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Monsooner Or Later This Rain Has To Stop!

What’s happening where you are?

I hope you are happy and healthy. Our soggy but beautiful world here in Nepal is described below.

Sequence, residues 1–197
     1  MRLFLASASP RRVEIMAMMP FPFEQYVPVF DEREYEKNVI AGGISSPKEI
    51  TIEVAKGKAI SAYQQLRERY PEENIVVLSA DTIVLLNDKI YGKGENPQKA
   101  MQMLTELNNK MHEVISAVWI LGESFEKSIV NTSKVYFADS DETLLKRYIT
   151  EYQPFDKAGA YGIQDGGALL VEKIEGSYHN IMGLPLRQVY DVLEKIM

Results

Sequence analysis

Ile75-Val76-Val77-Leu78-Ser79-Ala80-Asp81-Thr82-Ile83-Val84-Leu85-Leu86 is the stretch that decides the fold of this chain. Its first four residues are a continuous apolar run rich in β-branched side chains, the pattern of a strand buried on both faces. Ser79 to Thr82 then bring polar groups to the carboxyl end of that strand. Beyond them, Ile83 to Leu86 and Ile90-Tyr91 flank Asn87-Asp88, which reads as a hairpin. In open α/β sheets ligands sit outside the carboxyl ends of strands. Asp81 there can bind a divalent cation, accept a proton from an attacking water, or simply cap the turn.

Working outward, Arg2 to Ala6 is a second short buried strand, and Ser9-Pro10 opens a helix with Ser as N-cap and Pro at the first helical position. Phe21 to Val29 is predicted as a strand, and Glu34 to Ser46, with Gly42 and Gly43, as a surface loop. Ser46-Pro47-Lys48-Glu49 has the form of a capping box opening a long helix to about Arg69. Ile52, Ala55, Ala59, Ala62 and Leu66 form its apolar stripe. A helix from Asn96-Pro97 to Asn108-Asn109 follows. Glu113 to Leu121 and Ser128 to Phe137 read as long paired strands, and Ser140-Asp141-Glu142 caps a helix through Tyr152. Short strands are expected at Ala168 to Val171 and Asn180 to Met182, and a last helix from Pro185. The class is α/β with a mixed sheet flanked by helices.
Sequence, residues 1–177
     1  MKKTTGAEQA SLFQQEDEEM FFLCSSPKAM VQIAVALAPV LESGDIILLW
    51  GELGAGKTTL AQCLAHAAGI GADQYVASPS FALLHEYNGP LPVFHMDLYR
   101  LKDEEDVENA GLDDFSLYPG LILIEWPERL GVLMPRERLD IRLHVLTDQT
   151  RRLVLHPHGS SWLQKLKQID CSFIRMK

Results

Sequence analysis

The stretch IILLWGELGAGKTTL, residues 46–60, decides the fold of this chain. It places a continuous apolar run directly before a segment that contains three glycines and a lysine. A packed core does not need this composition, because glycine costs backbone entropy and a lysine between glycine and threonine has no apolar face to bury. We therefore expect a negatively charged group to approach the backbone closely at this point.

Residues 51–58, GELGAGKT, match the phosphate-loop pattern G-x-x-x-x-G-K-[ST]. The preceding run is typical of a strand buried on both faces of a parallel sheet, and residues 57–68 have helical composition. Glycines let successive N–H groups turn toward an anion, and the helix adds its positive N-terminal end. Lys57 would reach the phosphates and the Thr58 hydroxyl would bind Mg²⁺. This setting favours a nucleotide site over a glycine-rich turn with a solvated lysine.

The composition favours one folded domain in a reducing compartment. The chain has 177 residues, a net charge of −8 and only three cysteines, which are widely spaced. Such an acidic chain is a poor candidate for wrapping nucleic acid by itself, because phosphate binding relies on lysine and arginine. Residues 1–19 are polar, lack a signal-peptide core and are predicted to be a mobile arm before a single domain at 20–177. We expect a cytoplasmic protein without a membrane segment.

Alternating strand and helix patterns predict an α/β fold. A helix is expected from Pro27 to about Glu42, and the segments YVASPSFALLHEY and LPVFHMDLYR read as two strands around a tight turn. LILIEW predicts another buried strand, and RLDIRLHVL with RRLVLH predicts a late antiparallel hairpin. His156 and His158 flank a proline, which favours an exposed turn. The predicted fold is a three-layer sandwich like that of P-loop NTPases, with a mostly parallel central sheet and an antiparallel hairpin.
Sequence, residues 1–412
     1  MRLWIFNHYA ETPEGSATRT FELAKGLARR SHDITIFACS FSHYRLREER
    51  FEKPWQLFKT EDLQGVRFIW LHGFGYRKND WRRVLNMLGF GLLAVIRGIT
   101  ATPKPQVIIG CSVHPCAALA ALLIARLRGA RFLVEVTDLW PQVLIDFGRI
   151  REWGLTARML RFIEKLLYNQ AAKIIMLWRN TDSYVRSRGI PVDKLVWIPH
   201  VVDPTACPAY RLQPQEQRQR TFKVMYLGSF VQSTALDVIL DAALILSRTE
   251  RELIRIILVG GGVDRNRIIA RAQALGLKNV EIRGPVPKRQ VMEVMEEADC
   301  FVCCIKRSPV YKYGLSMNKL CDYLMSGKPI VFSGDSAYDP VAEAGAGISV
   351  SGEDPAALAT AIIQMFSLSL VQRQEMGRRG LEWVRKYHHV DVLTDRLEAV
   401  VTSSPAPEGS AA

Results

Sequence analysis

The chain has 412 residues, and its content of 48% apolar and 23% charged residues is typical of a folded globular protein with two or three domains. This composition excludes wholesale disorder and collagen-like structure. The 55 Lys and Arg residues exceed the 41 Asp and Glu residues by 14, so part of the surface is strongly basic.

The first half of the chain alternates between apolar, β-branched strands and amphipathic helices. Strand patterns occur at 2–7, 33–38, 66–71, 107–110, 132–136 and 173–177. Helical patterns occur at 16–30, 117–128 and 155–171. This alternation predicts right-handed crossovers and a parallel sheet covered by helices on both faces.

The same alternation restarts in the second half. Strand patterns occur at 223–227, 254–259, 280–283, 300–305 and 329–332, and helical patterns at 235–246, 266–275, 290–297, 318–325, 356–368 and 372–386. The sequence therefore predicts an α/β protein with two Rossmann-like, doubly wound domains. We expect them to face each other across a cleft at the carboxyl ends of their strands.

Thanks very much for reading, and for clicking the backlinks. Stay well. Love, Tenzin ***p.s. As always, if you find these weekly bits bothersome, let me know and I’ll stop sending them to you. If you find the reading at all enjoyable, please—it literally takes only seconds—click one or more or all of the highlighted backlinks following this paragraph. This simple process is completely without risk, cost, or difficulty. All it does is bring you to the site that is highlighted. Each click is a big help in pushing Fearless Puppy up in the Google rankings. Whether you browse the sites or close the windows immediately, your help has been delivered when you click. Thank you! FEARLESS PUPPY WEBSITE BLOG FEARLESS PUPPY ON AMERICAN ROAD/AMAZON PAGE REINCARNATION THROUGH COMMON SENSE/AMAZON PAGE FEARLESS WEBSITE Monsooner or Later This Rain Has To Stop! It is wet for months in a row, but delicious Fiddlehead ferns grow by the lake. Quiet streets become even quieter. Cows, oxen, and dogs amble down main avenues enjoying the leeway allowed by thinner traffic. Human couples with arms around each other share romantic moments under a single umbrella. Smoky clouds airbrush the green hills in an effect more beautiful than any artist can affect. Stifling heat relaxes its grip as cooling breezes accompany precipitation. Daydreams, aspirations, and intentions that were bogged down in stifling heat and humidity now travel easily upon the refreshing breezes. It is still monsoon season in Nepal. Most of the precipitation is light and whimsical. Some is a lot more serious. Have you ever seen a full tilt monsoon rain? It is an awesome spectacle to watch from inside the comfort of your home—but it can be a dangerous inconvenience if you are caught outside on a severely monsooning day. Nepal struggles with heavy rains that last for at least one fourth of the year. The rains cause flooding and landslides in many rural areas. Pokhara, gateway to the Himalayas for many trekkers, is the wettest city in the nation! The Himalayas are on one side of town. Fewa Lake is on the other. Even when the sun is clouded it can bake everything. Monsoon rains often start gathering in the early day’s heat and literally pick up steam during the mid-afternoon hours. Water evaporates into the air from the lake itself as well as from the jungle vegetation surrounding it. Sudden explosive releases can produce enough water to flash flood a plain, cause landslides on the muddy mountains in countryside areas, and ruin crops. Pokhara has a relatively easy time of it. Most of its tourist area consists of paved hills that run down into the lake, as does the water from our seasonal downpours. Rain from the stronger, more extended storms flow down this city’s hills like a web of small rivers. On most days, we see only moderate downpours—but on severe days the flow can gather a dangerous strength. Small animals have been swept into the lake as currents that can drown a dog turn streets into viaducts. The rains are a welcomed change from the severe heat that precedes them, but after a few months folks start to feel like bloated human sponges. We wait for the sun, and for the cooler temperatures of autumn and winter. The heavy humidity between rains is more uncomfortable than the rain itself! No one loves a humidity that makes breathing more difficult, or has them feeling like they need another shower almost as soon as they get out of the shower. Life under this atmospheric hot, wet blanket struggles to get on with itself as if moving through molasses. But these clouds come with a lot of silver linings. There is a lot to love about the monsoon time! The area enjoys a year-round green covering that puts emeralds to shame. Monsoon season sponsors lush jungle vegetation comparable in beauty to that of Vermont, Ireland, or anywhere else in the world. The fish and birds as well as the humans are abundantly happy with all the vegetation, and with all the other food that the big rains stir up and bring to the surface for them. Even during a non-pandemic banner year for tourism, monsoon time is the slow season. The streets, stores, and scenic lakeside area are all less crowded. Everything moves at a mellower pace. Folks have more time to hang out and talk. Humans get more relaxed. Happiness often gets more creative. One of my favorite things to do is quack like a duck while flapping my arms like a bird for the kids. The children always laugh and the parents occasionally do too. It is also fun to walk up on a complete stranger that is getting wet and hold your umbrella over their head. This action is not considered quite so off-the-wall here in Nepal as it might be in Beijing or New York. The citizens of this country are very tribal and, whether they know each other or not, routinely call each other “bai" (brother) and “bai ni" (sister). It is one of Nepal’s many wonderful character traits. Besides the adults enjoying a more relaxed pace, the children and dogs enjoy the puddles! Canines and toddlers both love to jump up and down in their mini sidewalk “swimming pools.” All the water coming from the sky doesn't stop folks from getting into more water on the ground. We can’t let rain stop us or we’d never be able to leave the house! I have gone swimming in an outdoor pool and taken paddle boat rides around the lake in these monsoon rains. This water-above-and-water-below thing makes “I’m a fish” and “I’m a duck” daydreams both very easy to come by. Monsoon rains are as much a part of Nepali life as rice, Shiva, lentils, and Buddha. The options are to either move to a different section of Earth, or to stay and deal with the difficulties while enjoying the beauty and benefits. Like so many things in life, monsoon season in Pohara is hard to live with and impossible to live without. The monsoon rains here are our beloved porcupines. We hug them. Legend of the Porcupines (origin and author unknown) “It was the coldest winter ever. Many animals died because of the cold. The porcupines, realizing their dire situation, decided to group together. They successfully covered each other and protected themselves—but the quills of each one wounded their closest companions while they gave off heat to each other. After a while, they decided to distance themselves one from the other and began to die, alone and frozen. So they had to make a choice to either accept the stinging quills of their companions or disappear from the Earth. They wisely decided to go back to being together. This way they learned to live with the little wounds that were caused by the close relationship with companions because the most important part of it was the heat that came from the others. This way they were able to survive. Moral of the story: The best relationship is not the one that brings together perfect people. The best kind of relationship happens when each individual learns to live with the imperfections of others and admire the other person's good qualities.” Many thanks to our wonderful friends at Pema Boutique Hotel for their help and support. ***The books Fearless Puppy On American Road and Reincarnation Through Common Sense by this same author are also available through Amazon or the Fearless Puppy website, where there are sample chapters from those books. Entertaining TV/radio interviews with and newspaper articles about the author are also available there. There is no charge for anything but the complete books! All author profits from book sales will be donated to help sponsor an increase in the number of wisdom professionals on Earth, beginning with but certainly not limited to Buddhist monks and nuns. ***If you missed the Introduction to the new book that will be titled Temple Dog Soldier, or would like to see several chapters of it that are available for free online, go to the Puppy website Blog section. This is a book in progress. You will be reading it as it is being created! Just like you, I don’t know what the next chapter is going to be about until it is written. As the Intro will tell you, this is a totally true story—and probably the only book ever written by and about a corpse journeying completely around the world!